Hungary to buy more U.S. weapons as PM Orban gets a White House invitation

President Donald Trump has invited Prime Minister Viktor Orban to a working meeting in Washington DC on May 13, Hungary’s government announced on Thursday. Direkt36 was first to break the news on the Trump-Orban meeting on Wednesday after receiving confirmation from several Hungarian government officials and sources in Washington DC.

The meeting will be a breakthrough in the relationship between Orban’s government and the United States. Viktor Orban last visited the White House during his first premiership in 2001. However, according to press reports from that time, his main counterpart was Vice President Dick Cheney, and President George W. Bush only joined the meeting later on.

Orban is not coming empty-handed to the Oval Office: Hungary’s government is negotiating high-value arms deals with the United States, according to Hungarian officials and sources with ties to the government. At the same time, the invitation of the Hungarian Prime Minister to Washington is also part of the United States’ policy of re-engaging with Central Eastern Europe. Czech Prime Minister Andrej Babiš visited the White House at the beginning of March, while Slovak Prime Minister Peter Pellegrini arrives on May 3.

“Americans are very satisfied”

In recent months, tensions have emerged in the Hungarian-U.S. relations, some of which have been revealed by Direkt36. For example, the failed extradition of two Russian arms dealers, debates over a Defense Cooperation Agreement (DCA), or the controversy surrounding the Russian-led International Investment Bank’s relocation to Budapest all put strains on the relationship between the two countries.

The Trump administration, which has been in office for over two years, has demonstrated several times that it believes in what is called transactional diplomacy, meaning that there is a greater emphasis on attaching economic-financial benefits to external relations. It seems that Hungary could counterbalance existing tensions in Hungarian-U.S. relations with high-value defense procurements. Four Hungarian government officials and sources with ties to the government told Direkt36 details about ongoing talks.

As Direkt36 previously reported, Secretary of State Mike Pompeo’s visit to Budapest in February was linked to the purchase of a medium range air-defense system (National Advanced Surface-to-Air Missile System (NASAMS) by Raytheon/Kongsberg). According to a Hungarian official ”Americans are very satisfied” with additional expected arms purchases by Hungary. For example, the procurement of F-35 fighter jets was discussed in talks that are still ongoing.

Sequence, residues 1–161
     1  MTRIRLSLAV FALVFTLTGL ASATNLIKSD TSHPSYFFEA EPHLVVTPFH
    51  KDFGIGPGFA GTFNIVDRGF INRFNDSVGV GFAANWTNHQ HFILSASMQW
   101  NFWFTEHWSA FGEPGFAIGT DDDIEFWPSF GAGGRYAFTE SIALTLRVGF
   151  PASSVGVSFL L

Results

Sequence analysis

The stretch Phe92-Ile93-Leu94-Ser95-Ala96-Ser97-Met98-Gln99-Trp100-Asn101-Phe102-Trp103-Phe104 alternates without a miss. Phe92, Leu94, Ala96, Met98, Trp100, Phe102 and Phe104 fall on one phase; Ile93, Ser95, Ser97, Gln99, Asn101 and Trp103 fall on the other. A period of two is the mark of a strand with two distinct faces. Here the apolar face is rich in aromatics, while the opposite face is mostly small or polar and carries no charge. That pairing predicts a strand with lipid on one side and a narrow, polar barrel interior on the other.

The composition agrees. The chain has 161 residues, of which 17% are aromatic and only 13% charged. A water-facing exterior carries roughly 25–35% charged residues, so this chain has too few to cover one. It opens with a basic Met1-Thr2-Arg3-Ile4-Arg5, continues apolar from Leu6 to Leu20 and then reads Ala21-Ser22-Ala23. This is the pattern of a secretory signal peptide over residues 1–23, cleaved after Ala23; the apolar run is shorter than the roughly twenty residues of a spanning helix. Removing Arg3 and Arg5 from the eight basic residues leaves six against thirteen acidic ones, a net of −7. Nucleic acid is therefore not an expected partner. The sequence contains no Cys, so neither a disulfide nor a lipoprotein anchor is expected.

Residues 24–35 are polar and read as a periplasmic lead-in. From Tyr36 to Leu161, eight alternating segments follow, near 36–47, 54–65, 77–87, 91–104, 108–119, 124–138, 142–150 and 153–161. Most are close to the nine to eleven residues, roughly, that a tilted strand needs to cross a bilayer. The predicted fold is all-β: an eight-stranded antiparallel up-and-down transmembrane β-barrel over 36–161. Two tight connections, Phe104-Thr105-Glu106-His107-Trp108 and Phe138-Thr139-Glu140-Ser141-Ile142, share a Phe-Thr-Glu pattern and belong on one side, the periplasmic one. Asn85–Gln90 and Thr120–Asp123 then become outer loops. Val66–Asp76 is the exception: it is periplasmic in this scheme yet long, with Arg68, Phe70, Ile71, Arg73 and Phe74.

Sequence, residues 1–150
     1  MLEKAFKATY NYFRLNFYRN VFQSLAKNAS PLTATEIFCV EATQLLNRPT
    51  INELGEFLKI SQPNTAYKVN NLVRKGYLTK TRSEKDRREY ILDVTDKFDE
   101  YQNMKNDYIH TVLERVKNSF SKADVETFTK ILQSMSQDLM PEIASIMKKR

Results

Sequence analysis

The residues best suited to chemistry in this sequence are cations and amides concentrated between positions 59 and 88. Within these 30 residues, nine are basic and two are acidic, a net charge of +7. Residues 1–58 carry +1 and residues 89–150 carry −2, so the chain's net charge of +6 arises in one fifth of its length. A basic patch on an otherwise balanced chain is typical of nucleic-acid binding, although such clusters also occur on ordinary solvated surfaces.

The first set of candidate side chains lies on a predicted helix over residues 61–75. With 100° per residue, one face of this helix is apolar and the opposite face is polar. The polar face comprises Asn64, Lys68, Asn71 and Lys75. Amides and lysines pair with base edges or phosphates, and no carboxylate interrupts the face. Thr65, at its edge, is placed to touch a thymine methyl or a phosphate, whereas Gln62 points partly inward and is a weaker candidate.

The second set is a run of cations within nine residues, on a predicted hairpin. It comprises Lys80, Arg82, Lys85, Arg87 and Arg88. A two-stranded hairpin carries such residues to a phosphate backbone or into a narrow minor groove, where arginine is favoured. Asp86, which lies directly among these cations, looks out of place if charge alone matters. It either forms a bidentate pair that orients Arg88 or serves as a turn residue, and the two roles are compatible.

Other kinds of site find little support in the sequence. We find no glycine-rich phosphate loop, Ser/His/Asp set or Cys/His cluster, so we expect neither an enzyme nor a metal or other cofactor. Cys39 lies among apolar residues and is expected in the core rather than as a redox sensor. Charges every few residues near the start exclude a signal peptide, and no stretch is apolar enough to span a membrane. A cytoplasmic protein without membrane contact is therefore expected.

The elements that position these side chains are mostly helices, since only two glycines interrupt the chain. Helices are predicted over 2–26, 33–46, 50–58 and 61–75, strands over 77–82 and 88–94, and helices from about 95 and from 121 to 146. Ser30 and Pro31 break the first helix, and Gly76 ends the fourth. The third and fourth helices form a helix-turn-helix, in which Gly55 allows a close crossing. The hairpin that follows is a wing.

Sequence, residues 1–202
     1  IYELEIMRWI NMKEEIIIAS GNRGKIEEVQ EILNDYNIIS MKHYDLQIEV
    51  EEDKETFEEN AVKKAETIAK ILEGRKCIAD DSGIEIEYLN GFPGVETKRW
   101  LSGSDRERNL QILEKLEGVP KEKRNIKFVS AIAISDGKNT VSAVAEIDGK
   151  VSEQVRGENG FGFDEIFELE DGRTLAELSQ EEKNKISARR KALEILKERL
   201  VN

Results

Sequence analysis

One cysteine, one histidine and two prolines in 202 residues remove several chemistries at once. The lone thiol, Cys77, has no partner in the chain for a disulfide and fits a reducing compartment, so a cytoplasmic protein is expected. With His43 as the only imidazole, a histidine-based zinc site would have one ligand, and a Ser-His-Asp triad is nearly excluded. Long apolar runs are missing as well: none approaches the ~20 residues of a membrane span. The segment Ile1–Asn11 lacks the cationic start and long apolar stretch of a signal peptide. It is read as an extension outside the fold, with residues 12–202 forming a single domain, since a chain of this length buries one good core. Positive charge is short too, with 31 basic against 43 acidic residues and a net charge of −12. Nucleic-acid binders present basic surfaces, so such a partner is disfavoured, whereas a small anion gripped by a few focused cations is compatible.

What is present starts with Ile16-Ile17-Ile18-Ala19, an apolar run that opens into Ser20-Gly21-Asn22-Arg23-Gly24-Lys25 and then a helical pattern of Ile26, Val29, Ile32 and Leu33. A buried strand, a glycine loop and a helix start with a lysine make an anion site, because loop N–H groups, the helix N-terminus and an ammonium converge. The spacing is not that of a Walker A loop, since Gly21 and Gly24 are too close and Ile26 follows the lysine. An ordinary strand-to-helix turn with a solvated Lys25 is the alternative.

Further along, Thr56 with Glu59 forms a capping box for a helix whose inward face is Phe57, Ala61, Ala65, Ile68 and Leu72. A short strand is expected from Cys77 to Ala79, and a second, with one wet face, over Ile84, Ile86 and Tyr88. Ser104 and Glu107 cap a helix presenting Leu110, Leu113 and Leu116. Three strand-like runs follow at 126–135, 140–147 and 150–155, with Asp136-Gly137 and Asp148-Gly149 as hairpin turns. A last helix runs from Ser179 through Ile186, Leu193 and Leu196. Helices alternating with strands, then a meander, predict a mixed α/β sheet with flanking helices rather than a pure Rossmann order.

Details of Orban’s upcoming visit were discussed during recent meetings with Mick Mulvaney, Trump’s chief of staff, according to Hungarian officials. High-level meetings between the U.S. and Hungarian government have already become frequent. The turning point was the conclusion of the Defense Cooperation Agreement (DCA) after a series of tense negotiations. Hungary accepted all major U.S. requests eventually. U.S. Ambassador to Hungary David Cornstein already floated the idea of a Trump-Orban meeting in a recent interview, saying that it will become realistic after the DCA and talks about ”some other things that we can announce” are in a final phase. Hungary’s Parliament is expected to adopt the DCA in June.

In addition to arms deals, Hungary’s government scored some other points with the Trump administration as well. For example, Hungarian state oil company Mol stopped importing oil from Iran (while the U.S. government is imposing sanctions even on some of its other allies that continue buying). Hungary is also a staunch supporter in the UN, the EU and everywhere else of Israel, a state heavily backed by the Trump administration. In a previous background conversation at the beginning of April, a Hungarian government official already told Direkt36 that there is a realistic opportunity for a Trump-Orban meeting. However, the official added that the realization would also depend on Israeli Prime Minister Benjamin Netanyahu’s re-election.

Developments in Israeli politics have been crucial because Netanyahu is a close ally of both Trump and Orban. Israel, which has close relations with the Trump White House, has long been actively supporting Hungarian diplomacy and lobbying efforts in Washington. Netanyahu succeeded in the elections and remained in power.


  • Szabolcs Panyi

    Szabolcs graduated from Eötvös Loránd University where he studied Hungarian language and literature. Between 2013 and 2018, he was an editor and political reporter at At Arizona State University, he studied investigative journalism on a Fulbright Fellowship in 2017-2018. In the fall of 2018, he joined Direkt36, where he mainly works on stories related to national security and foreign policy. Meanwhile, he helped launch, a Warsaw-based cross-border investigative journalism initiative for the Visegrád region, where he is currently leading the Central Eastern European investigations. He received the Quality Journalism Award and the Transparency-Soma Award four times each, and he was also shortlisted for the European Press Prize in 2018 and 2021.